The ride home was graced with the nicest weather we had seen since leaving the Hoosier state a few days before. Our anticipation for hiking grew and we hurried on north to Slade, Kentucky where I had hiked a few times before. I had told Malisah about the naturally eroded sandstone bridge at the top of the mountain; that was our destination. Upon arrival, we parked the Buick and applied harnesses to the dogs. We started up the trail head and noticed a large sign full of rules and regulations. Being experienced hikers, we figured the rules were posted so freshmen would know not to burn down the forest and walked past the posted commandments as though they were in a foreign language. A short distance later, we crossed a small suspended bridge over the river and started the path up the mountain to the sandstone structure.
That is when we noticed the entire trail was littered with regulatory signage. NO drinking, NO fires, NO camping, NO terrorism, NO soup for anyone! What the hell happened to this place? It had been years since I camped and hiked here but I never guessed it was now under what I assumed was North Korean Management. The most troubling sign read this: “NO DOGS”. Now I knew just how full of shit this place was. I’ve been a responsible outdoorsman my entire life. Never have I encountered a dog free state park with dog free trails. Not wanting to cause problems, we decided to quietly and quickly leave. Just as we reached the bridge back over the river, a seriously overweight park employee in a jeep pulled up, blocking our path back to the vehicle. He was the type that wanted to be in law enforcement his whole life but his love of butter and pork chops was stronger than his need for authority over his fellow man. Pathetic. As he rolled out of the vehicle, he was sternly reprimanding us for ignoring his signage about the dog free zone we were in. “It’s $1000 fine per dog!” he exclaimed. Nearby signs reported a $500 fine for defacing the sandstone structures; the anti-dog signs listed no monetary penalty. I have serious doubt that the state of Kentucky, backward as they may be, would care twice as much about a well behaved, leashed dog on a trail than vandalism of a natural structure in a mountain park. This pork-n-bean eater was hoping for a bribe.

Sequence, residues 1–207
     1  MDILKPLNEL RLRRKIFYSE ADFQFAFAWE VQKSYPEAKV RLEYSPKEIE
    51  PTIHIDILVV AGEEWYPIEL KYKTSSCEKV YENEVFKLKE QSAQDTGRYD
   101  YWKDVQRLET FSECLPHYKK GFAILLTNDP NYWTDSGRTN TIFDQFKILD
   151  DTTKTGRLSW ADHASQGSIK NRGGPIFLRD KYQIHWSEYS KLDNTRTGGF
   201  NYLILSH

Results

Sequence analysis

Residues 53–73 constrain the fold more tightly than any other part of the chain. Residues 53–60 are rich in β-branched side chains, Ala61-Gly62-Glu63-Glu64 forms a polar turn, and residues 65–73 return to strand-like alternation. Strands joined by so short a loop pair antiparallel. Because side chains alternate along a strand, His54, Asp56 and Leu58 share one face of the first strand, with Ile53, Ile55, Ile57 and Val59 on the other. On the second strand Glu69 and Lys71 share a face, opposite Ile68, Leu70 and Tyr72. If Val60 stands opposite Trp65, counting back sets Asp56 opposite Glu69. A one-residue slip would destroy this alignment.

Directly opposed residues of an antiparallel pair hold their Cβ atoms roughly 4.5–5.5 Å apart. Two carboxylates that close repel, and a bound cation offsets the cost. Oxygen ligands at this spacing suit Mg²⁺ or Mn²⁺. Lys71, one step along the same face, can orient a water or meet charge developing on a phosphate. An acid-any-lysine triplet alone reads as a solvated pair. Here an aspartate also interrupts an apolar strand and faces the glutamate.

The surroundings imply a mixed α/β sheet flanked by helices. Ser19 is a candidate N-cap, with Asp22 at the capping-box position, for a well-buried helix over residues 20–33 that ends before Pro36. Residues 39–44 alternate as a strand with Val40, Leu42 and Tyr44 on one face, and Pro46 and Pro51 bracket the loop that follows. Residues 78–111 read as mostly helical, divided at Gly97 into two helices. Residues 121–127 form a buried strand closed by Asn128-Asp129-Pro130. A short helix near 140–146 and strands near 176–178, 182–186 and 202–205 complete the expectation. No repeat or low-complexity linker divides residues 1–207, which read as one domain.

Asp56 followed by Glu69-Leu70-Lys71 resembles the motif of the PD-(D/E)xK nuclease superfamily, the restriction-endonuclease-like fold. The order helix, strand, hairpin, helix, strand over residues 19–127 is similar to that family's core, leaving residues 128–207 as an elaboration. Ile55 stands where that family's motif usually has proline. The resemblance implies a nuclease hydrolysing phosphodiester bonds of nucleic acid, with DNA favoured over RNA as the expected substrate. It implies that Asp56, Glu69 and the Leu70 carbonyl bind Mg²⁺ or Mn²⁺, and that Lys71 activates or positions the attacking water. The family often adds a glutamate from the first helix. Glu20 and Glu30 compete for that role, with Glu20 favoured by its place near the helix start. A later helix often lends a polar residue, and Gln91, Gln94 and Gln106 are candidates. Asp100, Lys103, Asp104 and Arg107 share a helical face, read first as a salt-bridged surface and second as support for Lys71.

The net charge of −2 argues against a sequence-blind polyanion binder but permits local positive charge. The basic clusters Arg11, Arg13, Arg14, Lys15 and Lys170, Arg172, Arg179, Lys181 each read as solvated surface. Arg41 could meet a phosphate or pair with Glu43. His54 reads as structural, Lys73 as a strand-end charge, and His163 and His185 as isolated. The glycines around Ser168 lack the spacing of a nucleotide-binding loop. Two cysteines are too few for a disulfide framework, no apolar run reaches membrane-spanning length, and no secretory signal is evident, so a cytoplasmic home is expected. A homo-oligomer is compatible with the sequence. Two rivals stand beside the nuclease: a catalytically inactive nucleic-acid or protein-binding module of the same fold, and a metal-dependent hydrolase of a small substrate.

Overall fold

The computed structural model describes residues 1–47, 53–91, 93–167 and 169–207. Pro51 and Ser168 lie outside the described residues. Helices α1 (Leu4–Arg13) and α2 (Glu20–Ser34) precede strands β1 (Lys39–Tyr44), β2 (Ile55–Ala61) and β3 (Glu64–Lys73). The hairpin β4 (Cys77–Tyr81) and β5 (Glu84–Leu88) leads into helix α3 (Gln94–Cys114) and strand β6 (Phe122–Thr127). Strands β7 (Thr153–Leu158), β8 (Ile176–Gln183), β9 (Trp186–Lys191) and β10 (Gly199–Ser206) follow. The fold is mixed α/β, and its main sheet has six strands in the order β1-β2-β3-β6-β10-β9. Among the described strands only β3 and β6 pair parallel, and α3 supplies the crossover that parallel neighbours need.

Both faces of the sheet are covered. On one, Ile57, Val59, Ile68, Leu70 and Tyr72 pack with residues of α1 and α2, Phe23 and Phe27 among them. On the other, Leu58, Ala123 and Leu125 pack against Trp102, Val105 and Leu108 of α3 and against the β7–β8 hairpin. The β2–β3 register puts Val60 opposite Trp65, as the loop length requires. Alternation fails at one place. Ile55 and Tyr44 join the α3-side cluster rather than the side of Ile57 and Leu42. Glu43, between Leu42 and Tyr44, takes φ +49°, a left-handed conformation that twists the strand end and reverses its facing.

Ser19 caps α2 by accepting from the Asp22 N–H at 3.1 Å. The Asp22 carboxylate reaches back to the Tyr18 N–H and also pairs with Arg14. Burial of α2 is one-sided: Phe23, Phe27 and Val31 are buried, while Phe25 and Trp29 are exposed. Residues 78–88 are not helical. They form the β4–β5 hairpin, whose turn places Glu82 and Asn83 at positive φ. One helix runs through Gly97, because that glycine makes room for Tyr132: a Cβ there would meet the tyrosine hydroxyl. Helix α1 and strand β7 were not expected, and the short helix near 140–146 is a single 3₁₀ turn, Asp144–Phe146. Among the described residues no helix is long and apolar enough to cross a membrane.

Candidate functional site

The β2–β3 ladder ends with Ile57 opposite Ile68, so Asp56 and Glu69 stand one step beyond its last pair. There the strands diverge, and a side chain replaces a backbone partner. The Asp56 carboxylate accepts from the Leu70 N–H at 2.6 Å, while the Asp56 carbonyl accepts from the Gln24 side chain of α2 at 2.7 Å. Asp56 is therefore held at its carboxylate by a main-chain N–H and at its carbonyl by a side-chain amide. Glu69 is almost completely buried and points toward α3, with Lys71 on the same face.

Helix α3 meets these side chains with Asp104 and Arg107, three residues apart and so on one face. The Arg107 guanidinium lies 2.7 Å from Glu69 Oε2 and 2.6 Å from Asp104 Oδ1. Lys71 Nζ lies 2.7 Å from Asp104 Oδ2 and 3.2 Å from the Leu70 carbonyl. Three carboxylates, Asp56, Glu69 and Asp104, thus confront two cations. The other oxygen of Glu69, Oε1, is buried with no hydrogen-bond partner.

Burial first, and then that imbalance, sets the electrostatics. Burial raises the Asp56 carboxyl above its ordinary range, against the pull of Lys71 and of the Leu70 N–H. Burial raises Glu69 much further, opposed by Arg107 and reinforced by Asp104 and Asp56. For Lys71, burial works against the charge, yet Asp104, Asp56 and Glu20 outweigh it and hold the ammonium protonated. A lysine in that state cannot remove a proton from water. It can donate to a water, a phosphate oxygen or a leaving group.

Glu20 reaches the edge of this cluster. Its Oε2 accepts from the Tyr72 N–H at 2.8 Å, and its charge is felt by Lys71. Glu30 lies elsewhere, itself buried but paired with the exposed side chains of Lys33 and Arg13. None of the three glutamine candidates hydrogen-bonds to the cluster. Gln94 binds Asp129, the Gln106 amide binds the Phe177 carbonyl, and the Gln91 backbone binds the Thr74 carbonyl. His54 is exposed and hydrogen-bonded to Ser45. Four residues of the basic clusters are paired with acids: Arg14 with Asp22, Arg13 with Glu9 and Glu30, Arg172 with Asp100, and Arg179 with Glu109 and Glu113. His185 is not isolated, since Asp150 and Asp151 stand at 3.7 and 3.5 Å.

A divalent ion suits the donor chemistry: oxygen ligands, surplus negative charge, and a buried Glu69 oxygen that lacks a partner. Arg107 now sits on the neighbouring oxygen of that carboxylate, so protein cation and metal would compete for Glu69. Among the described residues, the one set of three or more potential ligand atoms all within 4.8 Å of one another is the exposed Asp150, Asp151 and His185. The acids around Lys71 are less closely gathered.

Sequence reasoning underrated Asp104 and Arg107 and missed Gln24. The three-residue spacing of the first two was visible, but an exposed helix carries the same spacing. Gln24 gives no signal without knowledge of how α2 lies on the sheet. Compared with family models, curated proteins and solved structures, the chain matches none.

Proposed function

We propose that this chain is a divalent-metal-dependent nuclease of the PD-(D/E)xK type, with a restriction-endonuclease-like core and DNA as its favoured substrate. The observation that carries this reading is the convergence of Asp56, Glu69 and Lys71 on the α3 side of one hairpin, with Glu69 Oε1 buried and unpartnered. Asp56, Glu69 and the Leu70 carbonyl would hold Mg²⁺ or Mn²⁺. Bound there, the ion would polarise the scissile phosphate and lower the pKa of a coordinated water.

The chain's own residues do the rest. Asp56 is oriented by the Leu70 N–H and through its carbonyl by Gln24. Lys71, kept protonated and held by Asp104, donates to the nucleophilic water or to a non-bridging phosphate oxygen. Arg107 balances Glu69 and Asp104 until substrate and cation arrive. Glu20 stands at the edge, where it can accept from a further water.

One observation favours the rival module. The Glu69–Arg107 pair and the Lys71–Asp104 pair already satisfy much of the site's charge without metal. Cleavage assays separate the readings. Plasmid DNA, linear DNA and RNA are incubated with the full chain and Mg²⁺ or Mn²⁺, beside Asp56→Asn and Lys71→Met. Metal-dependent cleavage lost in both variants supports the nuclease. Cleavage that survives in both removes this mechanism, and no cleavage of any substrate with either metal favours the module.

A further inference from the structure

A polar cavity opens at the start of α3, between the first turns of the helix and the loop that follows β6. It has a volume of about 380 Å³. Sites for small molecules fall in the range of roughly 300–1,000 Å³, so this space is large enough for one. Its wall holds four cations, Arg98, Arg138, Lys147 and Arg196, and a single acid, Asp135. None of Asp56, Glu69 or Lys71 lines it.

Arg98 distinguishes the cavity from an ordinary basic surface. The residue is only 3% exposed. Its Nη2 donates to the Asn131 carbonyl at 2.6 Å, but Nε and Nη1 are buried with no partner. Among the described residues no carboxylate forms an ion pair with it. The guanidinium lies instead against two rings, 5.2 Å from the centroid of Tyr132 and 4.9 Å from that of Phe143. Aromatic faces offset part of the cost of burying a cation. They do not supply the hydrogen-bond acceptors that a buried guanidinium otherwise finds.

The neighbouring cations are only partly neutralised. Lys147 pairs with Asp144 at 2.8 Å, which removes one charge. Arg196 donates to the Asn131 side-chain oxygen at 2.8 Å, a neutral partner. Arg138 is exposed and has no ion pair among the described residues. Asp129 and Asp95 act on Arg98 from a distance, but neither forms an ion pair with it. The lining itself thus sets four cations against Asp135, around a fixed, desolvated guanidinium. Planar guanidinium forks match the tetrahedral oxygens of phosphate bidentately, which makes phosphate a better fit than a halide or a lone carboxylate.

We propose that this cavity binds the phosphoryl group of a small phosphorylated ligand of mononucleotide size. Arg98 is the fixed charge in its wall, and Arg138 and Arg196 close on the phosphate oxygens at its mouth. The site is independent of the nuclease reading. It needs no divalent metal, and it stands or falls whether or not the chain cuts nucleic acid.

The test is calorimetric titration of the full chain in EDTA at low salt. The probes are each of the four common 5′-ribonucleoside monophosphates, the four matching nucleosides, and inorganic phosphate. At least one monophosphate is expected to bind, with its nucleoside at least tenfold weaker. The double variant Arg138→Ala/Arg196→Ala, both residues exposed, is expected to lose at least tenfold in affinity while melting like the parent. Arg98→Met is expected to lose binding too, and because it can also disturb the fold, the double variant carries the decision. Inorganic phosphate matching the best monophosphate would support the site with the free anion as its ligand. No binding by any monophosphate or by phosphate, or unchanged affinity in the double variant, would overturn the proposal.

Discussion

Having been faced with government employees before, I am experienced in walking away from them when they make unreasonable demands or other nonsense. I told him we had just seen the signs and were compliantly leaving. He would get no money from us as we were just passing through and did not respect his authority. We calmly walked back to where our trusty Buick was parked and left without so much as giving our names. It was a disappointing outcome to say the least. I had hoped to share pictures of our hike and stories of how beautiful America is when one escapes the highway by a few hundred yards. Instead, I have shared a well written however dry story of a trip to my Mom’s house. At least the rest of the drive home was free of hassle. A safe return was made, the apartment still intact, the cats alive and well. The next day would bring our usual round of appointments at work, laundry and other day to day banality that composes the song of our lives.
© David Rynes and King David’s Tattoo, 2013. Unauthorized use and/or duplication of this material without express and written permission from this blog’s author and/or owner is strictly prohibited.